When spring returns to Croatia, residents do what they’ve done for centuries: take to the fields and forests in search of wild asparagus, known in Croatian as šparoga.
The asparagus-hunting season has just begun here in central Dalmatia, and last weekend, we were lucky enough to be invited by Croatian friends to go foraging for it in the countryside, about a 40-minute drive from the historic town of Trogir.
Before we left to go on our hunting mission, several locals explained how difficult it is to find asparagus. Everyone kept telling us that you “must have a good eye.” But when they marveled at how delicious the asparagus was – in risotto, soup, or with hard-boiled eggs – we concluded that it was a challenge worth undertaking
We piled into our friend’s car, heading first to the home of her brother and her mother, an accomplished asparagus huntress. Though there was a chill in the air, it was a beautiful, sunny Sunday, and we sat on Božana’s mother’s terrace enjoying splendid Turkish coffee, which is rich, sweet, and has a thick sludge of sediment swirling at the bottom.
We also sipped homemade Višnia, a local version of a cherry brandy. When Božana’s mother recognized our amazement that her garden had so much life in March, she generously snipped a bunch of hyacinths and rosemary for us, as well as a handful of lemons from a small tree. Božana’s young son also brought his mother a bouquet of wild hyacinths – something that can be found in the countryside.
Božana’s brother explained that he’d once lived in Zagreb, Croatia’s capital city, but that when he was there during the grey winters, he found he missed the warmth of the coast.
“I need this daily dose of happiness,” he said, pointing to the rays of sunshine.
After a short drive to the rugged countryside, which looks otherworldly given the rocks and boulders that are strewn everywhere, we arrived at Božana’s charming country home.
Dry stone walls delineated different owners’ plots of land. However, there were no other homes in sight, just modern windmills in the distance. Small fruit trees lining the inside of the walls bore delicate pink blossoms.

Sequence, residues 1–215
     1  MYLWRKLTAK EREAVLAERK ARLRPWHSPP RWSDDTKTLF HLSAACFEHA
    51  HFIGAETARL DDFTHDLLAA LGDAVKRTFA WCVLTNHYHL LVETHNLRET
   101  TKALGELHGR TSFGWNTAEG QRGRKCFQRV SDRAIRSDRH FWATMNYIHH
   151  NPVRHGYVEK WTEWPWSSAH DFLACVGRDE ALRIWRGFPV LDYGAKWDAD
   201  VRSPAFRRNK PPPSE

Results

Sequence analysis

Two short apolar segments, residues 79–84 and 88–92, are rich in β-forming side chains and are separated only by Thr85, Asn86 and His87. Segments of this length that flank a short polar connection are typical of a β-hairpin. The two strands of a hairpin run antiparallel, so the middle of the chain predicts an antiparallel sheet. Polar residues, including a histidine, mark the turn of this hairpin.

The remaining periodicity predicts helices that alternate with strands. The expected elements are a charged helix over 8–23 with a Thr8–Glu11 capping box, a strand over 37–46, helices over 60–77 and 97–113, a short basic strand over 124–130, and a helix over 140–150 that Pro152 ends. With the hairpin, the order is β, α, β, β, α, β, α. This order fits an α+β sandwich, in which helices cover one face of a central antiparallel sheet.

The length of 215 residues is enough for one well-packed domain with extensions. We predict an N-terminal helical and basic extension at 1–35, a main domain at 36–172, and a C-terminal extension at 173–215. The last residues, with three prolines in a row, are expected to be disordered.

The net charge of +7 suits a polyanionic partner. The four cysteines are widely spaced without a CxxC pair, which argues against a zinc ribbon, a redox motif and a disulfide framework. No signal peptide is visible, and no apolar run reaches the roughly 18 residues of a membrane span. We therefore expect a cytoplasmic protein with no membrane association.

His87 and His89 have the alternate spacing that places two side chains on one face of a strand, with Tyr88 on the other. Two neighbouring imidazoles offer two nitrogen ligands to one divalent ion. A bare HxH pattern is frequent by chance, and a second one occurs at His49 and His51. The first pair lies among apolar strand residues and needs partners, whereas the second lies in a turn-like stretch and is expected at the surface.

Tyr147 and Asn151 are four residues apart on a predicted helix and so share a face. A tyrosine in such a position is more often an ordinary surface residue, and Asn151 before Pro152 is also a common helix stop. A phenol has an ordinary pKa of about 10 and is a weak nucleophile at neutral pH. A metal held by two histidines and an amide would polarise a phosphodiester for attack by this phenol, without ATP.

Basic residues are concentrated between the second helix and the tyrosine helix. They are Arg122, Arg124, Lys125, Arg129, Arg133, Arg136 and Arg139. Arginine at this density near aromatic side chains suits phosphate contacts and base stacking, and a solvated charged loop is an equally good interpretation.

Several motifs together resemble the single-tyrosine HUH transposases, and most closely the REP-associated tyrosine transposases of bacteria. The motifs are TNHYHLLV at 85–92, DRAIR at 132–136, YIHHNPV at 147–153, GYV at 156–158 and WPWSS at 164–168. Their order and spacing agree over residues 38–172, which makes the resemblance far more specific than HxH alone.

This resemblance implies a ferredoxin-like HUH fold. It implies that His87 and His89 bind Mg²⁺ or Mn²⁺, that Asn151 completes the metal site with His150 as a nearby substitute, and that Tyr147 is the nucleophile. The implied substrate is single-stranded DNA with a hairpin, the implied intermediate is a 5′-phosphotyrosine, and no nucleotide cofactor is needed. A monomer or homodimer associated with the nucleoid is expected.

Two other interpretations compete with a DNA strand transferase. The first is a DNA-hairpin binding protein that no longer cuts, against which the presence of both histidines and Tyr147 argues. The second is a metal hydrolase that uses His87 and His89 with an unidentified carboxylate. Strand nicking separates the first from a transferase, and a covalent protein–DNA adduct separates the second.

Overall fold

Božana and her mother told us that the atmospheric stone walls crisscrossing the land were probably constructed a hundred years ago. Farmers would have cleared the rocks from the landscape so that they could engage in agriculture. Croatians call these stone walls gromače or suhozid. As with drystack walls in other parts of the world, they’re made without using any mortar.
The duo wasted no time in schooling us how to properly forage for wild asparagus. The instructions were short, but the mission proved to be challenging: scan the ground for the prickly, dead growth of years past, because stalks of asparagus often emerge in its vicinity.
Quickly, the ladies had found their first prize. For about 40 minutes, I wandered the area, unable to spot any asparagus among the dead growth that I now easily recognized. When Božana found asparagus, she sometimes waited to harvest it, allowing me the pleasure of plucking it from the earth. As I tugged at the stubborn plant, I was glad that I’d worn gloves, since the bush’s dead growth is sharp and needle-like.
We foraged for asparagus among groves of olive trees and twisty grape vines, stopping briefly at a pond with small frogs. Božana’s sons and mother gathered branches to fill the wood-burning stove we’d be using to cook the meat we’d picked up at a butcher shop earlier in the day.
Among the bushes and rocky landscape, we happened upon a stone structure that resembled an igloo. We asked Božana what it was and she explained that it was probably built 100 years before and that it was used as a shelter for shepherds and their flock during unpleasant weather.
Božana and I would continue hunting for asparagus for a while longer, while Shawn went off to play basketball with Božana’s two sons. Božana’s mother also went to get the fire started in the wood-burning barbecue. Unfortunately, Božana’s husband had developed a cold, so he’d been unable to join us.
Finally, I hit the asparagus jackpot – a tangled area in a corner, hugging a stone wall! I was happy to contribute to the meal that the ladies were working so hard to create.